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Re: Help requested: Packages which FTBFS randomly

Christoph Biedl writes ("Re: Help requested: Packages which FTBFS randomly"):
> Ian Jackson wrote...
> > IMO all of these bugs should be RC.  A randomly-reproducible build
> > failure with more than negligible probabilty is likely to show up for
> > some of Debian's users and downstreams and cause them mysterious
> > trouble.  It also causes trouble for stalwarts like Santiago, doing
> > much needed and largely-unloved QA work.
> Tracking down race conditions in the build that occur every now and then
> only isn't joy either.

Well, yes, but if there is some difficult work to be done it should be
done by those who care about the package, not by those who are doing
us all a favour by finding the problems.

> At least some of the packages have the random failures in the test
> suite. If this justifies an RC, the maintainer will rather disable the
> particular test, or even the entire test suite. Something I consider
> the much worse scenario than having to trigger a rebuild.

Most downstream folks who trip over something like this are not going
to think "oh it must be a heisenbug I will just try it again".  They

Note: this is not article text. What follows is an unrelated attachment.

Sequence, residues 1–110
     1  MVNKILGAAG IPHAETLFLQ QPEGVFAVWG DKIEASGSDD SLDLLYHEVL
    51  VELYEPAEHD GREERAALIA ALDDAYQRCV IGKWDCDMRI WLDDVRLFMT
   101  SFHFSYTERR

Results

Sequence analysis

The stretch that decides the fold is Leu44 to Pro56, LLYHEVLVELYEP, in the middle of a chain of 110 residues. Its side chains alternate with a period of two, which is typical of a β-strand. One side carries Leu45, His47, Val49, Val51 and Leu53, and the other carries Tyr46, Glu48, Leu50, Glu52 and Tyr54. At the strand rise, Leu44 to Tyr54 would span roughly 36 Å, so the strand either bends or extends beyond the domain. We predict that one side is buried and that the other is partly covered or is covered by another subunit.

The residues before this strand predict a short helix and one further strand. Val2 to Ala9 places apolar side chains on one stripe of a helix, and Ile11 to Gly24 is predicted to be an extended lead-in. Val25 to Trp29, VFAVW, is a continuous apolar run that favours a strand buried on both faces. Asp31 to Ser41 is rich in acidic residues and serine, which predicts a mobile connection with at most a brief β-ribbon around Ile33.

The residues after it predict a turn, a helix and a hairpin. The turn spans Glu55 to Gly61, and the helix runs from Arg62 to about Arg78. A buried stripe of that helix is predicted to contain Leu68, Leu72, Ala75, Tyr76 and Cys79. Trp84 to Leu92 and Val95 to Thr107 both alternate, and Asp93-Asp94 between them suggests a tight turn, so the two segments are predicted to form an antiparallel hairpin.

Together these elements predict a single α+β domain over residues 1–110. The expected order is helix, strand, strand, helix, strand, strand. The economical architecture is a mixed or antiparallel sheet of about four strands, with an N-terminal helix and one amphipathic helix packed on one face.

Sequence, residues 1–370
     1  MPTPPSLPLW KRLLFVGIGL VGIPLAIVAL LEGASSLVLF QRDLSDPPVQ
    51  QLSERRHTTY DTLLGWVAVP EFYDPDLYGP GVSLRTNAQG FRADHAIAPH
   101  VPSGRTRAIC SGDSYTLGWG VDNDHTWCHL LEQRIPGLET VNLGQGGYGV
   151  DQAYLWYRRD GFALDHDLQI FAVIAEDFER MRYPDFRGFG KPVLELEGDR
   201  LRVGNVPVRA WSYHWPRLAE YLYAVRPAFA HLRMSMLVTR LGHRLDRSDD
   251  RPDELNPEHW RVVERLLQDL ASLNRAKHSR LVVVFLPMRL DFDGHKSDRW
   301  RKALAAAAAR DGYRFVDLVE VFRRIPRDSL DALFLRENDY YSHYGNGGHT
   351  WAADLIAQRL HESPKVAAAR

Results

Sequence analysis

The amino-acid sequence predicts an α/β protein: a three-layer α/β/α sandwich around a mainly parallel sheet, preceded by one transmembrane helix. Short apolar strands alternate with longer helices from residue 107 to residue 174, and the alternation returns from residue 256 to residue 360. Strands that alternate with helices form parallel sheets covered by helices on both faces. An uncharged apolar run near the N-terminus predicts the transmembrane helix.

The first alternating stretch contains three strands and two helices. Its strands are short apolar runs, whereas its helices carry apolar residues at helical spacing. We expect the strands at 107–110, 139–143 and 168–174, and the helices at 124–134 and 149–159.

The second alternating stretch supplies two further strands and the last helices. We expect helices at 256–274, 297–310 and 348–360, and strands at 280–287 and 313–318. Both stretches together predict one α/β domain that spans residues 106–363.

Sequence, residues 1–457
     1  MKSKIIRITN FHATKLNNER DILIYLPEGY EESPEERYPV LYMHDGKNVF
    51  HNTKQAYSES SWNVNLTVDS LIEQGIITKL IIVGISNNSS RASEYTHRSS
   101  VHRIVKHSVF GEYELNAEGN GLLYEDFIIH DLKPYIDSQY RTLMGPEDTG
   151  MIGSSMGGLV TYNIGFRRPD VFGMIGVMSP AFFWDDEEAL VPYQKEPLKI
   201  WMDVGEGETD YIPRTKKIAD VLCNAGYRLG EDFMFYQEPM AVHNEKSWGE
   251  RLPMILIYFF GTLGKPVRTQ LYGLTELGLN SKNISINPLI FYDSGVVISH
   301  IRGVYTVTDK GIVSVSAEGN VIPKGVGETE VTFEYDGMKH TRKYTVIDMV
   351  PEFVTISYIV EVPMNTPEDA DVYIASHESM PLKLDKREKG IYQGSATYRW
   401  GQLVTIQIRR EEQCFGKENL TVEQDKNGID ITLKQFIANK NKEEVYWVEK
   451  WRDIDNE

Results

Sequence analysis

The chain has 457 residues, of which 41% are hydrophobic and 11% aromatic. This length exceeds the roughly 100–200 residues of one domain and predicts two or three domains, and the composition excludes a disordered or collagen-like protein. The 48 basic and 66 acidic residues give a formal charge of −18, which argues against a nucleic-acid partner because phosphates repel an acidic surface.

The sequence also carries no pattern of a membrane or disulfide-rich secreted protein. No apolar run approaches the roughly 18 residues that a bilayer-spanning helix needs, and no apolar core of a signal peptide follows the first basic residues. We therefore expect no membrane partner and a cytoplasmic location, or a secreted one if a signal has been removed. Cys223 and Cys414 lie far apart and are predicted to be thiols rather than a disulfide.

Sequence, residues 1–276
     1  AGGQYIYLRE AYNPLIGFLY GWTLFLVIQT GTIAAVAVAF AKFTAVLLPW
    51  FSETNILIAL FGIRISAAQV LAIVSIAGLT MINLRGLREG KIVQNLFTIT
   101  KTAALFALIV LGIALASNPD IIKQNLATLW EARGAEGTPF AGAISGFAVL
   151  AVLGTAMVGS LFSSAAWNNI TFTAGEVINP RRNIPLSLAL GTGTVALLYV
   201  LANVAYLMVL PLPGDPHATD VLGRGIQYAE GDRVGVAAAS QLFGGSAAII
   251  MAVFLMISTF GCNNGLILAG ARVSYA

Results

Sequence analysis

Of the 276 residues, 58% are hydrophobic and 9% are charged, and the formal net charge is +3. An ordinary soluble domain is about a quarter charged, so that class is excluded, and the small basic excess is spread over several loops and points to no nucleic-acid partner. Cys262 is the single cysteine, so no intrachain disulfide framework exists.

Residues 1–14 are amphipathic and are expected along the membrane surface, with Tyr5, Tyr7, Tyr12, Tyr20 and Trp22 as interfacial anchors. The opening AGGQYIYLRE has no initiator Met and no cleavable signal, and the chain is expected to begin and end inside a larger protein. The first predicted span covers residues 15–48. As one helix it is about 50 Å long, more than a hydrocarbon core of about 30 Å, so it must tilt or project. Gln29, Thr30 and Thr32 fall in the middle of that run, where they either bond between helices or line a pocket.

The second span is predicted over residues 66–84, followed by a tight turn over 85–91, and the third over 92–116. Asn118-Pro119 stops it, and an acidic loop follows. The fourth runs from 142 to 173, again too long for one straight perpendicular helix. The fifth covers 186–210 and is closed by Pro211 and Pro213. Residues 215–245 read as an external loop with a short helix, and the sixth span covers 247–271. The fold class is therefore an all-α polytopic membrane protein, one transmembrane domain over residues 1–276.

will wonder what they did wrong.  If the failure probability is
nontrivial they will start flailing, producing and discarding false
theories about the cause.

Far better to disable the problematic test.

> Random build failures do happen, for reasons inside or outside the
> packages.

This is simply not true.  "Random failures" do not "just happen".
They have causes.

With the correct infrastructure (which is not that hard) the causes
can be completely eliminated.  I don't ever experience random build
failures of any of my own packages and if I did I would hunt them down
with a vengeance.[1]

> So downstream (also: security and point release builds) must
> be prepared for a failing build anyway. Therefore I'd rather accept
> random build failures, grudgingly, with the threshold set to somewhere
> between 5% and 10%. Rationale: Build may fail one time, the second one
> should very likely succeed then.

I don't think that security and point release builds should be
prepared to retry failing builds.

IMO any failing build in a security, point release, or QA activity,
should immediately produce an RC bug.


[1] Don't get me started on gnupg vs the dgit test suite, but of
that's not an FTBFS.

Ian Jackson <ijackson@xxxxxxxxxxxxxxxxxxxxxx>   These opinions are my own.

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